A Ciceronian indictment of our nation’s transformation from lone superpower to imperial bully.
“Like other empires of the past century,” writes Japan Research Policy Institute president Johnson (Blowback, 2000, etc.), “the United States has chosen to live not prudently, in peace and prosperity, but as a massive military power athwart an angry, resistant globe.” In the absence of rivals such as the Soviet Union and with the ascendance of an administration driven by crony capitalism, which spells an end to the cherished ideals of free enterprise and the leveling influence of the free market, the American state has become an analogue to ancient Rome. It employs, Chalmers writes, “well over half a million soldiers, spies, technicians, teachers, dependents, and civilian contractors in other nations,” extending Fortress America’s reach to every corner of the globe and, not coincidentally, enriching civilian enterprises that have been favored by insider trading within the Pentagon and State Department (think Halliburton) with fabulously lucrative contracts. Indeed, writes Johnson, there are something like 725 American bases abroad—probably many more, for that number is only what the Department of Defense acknowledges—with more added as client states in Central Asia and Eastern Europe join the American fold. What does this all mean? Perhaps a permanent military dictatorship one day, to extend the Roman model even farther. Certainly increased alienation between the US and the rest of the world, which is unlikely to shed tears when future iterations of 9/11 occur. What can be done? “There is one development that could conceivably stop this process of overreaching: the people could retake control of the Congress, reform it along with the corrupted elections laws that have made it into a forum for special interests, turn it into a genuine assembly of democratic representatives, and cut off the supply of money to the Pentagon and the secret intelligence agencies.”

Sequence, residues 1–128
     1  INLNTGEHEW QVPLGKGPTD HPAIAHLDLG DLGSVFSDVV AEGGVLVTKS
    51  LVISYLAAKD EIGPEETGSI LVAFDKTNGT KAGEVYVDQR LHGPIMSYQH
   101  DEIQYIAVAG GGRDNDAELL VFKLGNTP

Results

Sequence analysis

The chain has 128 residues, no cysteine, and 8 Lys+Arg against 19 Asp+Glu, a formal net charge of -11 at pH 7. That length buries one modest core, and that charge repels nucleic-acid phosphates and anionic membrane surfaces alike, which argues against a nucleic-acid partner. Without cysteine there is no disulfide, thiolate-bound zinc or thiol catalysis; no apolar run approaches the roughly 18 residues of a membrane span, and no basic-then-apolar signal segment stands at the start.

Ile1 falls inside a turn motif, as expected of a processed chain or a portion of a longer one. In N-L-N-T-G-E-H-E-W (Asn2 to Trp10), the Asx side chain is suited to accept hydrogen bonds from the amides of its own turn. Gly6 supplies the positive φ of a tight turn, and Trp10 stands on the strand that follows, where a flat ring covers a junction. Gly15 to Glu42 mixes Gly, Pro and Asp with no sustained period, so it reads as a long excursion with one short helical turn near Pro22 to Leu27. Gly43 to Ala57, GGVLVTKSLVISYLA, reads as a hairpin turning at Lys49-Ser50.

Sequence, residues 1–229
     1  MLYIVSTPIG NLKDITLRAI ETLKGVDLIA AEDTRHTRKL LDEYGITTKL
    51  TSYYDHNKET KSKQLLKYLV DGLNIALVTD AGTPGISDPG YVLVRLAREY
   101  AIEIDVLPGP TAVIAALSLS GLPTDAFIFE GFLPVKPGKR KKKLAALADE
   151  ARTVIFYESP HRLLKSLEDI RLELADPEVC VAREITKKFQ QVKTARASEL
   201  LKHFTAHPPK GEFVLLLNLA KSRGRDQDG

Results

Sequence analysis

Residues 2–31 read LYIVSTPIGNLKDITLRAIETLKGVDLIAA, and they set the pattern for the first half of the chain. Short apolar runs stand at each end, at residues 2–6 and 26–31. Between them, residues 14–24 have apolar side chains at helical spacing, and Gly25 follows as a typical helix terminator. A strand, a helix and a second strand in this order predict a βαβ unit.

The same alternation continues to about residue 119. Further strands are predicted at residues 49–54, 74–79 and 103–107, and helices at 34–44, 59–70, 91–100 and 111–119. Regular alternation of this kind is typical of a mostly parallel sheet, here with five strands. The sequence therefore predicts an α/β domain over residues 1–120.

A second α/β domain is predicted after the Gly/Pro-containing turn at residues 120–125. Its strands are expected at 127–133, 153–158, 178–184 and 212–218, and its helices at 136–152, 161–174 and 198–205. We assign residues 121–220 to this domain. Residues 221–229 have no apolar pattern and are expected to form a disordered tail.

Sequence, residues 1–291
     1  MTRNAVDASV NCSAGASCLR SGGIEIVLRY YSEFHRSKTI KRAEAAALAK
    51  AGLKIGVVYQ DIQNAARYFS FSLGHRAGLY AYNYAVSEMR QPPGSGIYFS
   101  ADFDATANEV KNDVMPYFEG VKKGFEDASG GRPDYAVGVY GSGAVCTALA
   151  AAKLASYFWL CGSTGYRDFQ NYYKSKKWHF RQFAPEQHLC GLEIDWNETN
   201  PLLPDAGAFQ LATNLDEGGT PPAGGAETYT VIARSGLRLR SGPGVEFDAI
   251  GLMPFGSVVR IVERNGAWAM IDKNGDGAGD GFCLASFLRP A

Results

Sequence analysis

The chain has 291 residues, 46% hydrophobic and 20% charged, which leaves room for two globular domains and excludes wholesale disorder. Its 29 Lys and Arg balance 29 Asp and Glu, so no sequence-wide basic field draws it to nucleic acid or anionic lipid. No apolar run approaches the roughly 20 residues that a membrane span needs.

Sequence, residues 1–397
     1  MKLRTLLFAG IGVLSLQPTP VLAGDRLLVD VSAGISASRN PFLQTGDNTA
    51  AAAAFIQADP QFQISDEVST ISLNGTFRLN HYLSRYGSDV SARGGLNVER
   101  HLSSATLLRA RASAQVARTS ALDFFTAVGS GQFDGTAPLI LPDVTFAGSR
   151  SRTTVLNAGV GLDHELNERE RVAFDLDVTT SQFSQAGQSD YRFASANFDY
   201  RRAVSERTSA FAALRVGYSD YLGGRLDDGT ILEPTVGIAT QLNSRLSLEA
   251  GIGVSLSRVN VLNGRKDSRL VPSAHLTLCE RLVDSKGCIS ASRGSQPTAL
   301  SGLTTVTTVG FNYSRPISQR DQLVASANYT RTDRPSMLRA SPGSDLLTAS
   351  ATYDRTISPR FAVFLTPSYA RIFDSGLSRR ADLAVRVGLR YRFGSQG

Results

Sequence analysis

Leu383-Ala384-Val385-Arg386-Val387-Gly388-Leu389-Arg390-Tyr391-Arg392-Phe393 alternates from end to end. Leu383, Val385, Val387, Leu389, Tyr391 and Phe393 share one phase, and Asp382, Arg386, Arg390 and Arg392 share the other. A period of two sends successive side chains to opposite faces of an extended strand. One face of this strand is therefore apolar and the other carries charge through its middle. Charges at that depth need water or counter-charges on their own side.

Fat chance. And so, Johnson concludes this deeply unsettling essay, “the United States is probably lost to militarism.”